This intentionality helps ensure that inefficient collaboration does not stymie innovation and productivity. It’s important to know when one’s own collaboration is not impactful, too. Recognizing when to lean in—when your opinion is essential to the collaboration—and when to lean out and give someone else the opportunity to lean in is an important skill to adopt and utilize. If you learn to recognize when you don’t have a role in influencing the outcome of a collaboration, it could help ensure the collaboration remains efficient.
Being intentional about when to collaborate and what projects you say “yes” to also could help avoid the strain of collaboration overload.
Transparency and feedback to help enable collaboration
In my own experience, a successful collaboration is built on transparency and communication. Each member of the team may benefit from having visibility into the goal or the scope of the problem and also what others are doing as part of that workstream. This could mitigate the risk of redundancy in tasks by the other co-collaborators while also potentially building trust. Collaboration will likely fail if knowledge is siloed, making information sharing a key element to enable collaboration.
Communication and feedback go hand in hand with transparency. Scrum, a decision-making framework that helps people collaborate via adaptive solutions, offers a good example of this. In a Daily Scrum, teams work together toward a collaborative goal and get immediate or near-immediate feedback as they attempt to problem solve.
This instant feedback lets teams know where their weaknesses are, how they can work better together, and how impactful their communication is with one another. Having access to instant feedback instead of a debrief at the end of the project or at year’s end means these kinds of teams will likely be more successful because they can iterate on the approach with each new phase of a project.
McKinsey has published a variety of insights on feedback to help increase communication and review effectiveness, and the legal team practices using this kind of approach as well. Getting and receiving feedback at a more regular cadence creates space for candid communication and, if done respectfully, can also build trust. Without transparency and trust, collaboration becomes more of an uphill battle.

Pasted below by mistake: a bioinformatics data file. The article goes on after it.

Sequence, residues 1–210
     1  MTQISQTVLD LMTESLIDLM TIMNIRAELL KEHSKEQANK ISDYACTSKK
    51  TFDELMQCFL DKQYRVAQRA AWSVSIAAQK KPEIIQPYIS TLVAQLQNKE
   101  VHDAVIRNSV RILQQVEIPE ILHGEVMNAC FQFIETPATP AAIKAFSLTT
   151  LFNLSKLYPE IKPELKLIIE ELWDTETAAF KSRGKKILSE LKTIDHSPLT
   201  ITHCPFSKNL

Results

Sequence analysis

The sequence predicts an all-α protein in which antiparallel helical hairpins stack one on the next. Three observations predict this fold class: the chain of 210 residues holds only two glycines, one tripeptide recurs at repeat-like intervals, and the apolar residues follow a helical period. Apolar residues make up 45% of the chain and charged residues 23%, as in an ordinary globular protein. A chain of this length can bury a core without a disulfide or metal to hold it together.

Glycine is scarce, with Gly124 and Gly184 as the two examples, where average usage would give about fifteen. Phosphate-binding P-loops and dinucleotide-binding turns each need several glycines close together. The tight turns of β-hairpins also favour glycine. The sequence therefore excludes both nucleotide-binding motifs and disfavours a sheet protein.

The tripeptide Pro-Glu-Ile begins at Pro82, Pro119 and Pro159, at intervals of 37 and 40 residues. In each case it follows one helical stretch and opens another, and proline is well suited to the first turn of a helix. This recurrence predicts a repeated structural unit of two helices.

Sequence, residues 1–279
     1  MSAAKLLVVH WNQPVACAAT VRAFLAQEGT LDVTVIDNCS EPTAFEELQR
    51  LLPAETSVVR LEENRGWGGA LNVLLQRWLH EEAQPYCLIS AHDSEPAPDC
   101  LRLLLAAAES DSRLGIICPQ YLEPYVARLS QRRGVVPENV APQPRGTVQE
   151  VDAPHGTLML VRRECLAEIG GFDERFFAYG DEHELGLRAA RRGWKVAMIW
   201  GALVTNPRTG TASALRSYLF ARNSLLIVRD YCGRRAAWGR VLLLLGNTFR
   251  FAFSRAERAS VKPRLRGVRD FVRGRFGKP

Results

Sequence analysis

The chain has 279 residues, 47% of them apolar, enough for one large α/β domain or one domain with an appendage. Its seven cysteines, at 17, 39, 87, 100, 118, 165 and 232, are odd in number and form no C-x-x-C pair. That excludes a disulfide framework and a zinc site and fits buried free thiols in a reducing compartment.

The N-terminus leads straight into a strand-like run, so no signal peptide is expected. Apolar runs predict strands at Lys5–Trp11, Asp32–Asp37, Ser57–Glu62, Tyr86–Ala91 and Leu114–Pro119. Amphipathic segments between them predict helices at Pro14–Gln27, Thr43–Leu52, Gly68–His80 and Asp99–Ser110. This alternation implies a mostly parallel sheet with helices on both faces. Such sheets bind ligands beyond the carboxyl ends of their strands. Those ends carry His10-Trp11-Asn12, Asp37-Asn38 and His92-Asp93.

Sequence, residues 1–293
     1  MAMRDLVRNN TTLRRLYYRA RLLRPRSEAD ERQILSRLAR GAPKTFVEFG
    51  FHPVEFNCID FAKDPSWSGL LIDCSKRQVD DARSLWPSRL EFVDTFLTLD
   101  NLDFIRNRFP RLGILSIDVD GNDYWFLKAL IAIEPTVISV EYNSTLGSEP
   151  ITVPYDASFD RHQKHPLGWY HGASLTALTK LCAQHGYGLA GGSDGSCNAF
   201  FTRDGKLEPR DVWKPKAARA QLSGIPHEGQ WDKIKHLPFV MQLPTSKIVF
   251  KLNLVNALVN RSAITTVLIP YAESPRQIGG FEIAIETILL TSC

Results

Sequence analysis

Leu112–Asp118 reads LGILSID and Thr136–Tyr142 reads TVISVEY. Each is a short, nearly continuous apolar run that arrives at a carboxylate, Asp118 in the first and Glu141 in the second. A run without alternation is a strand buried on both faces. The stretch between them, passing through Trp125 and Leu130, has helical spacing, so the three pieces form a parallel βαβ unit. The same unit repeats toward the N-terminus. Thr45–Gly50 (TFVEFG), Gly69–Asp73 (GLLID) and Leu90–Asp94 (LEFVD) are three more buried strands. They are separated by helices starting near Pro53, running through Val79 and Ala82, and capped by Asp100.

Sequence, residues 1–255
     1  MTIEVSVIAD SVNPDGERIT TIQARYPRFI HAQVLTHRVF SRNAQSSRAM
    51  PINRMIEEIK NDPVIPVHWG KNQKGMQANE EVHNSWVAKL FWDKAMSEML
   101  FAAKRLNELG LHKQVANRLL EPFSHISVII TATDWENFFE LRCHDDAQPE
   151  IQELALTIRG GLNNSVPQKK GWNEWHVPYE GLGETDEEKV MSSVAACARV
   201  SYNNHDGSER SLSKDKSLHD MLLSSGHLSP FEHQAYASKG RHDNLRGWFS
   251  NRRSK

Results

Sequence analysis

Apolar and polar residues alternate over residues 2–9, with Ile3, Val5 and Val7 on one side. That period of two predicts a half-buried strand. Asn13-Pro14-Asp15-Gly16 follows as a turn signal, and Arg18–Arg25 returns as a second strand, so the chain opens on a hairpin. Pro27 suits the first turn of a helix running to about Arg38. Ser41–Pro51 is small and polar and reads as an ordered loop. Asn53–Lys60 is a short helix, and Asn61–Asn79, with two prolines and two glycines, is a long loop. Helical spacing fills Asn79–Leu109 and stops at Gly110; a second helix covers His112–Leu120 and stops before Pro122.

Creative collaboration to empower teams to innovate
With the trust built through transparency and communication, we permit our co-collaborators to be creative. Creative collaboration can occur when teams work together to try something new, think outside the box, make mistakes and work together to rectify them, jot down ideas, iterate on improvements, be playful, innovative, and experimental in their work. It can even be accomplished when you do something uncomfortable or scary.
While there may be an established approach or process, creative collaboration challenges your way of thinking and empowers you to think about how prior approaches or solutions could be improved. Thinking creatively lays a foundation for the potential to create more opportunities for innovation and impact.
Here’s a challenge: for 2022, think about how you and your team collaborate. Be intentional. Be transparent. Be creative. It may positively impact how you work with others. Your subject matter expertise may expand or deepen. You could discover new ways of thinking and see things from a different perspective. You may start innovating on ideas and discover new and better ways for problem solving.
Most of all, you might even have fun doing it.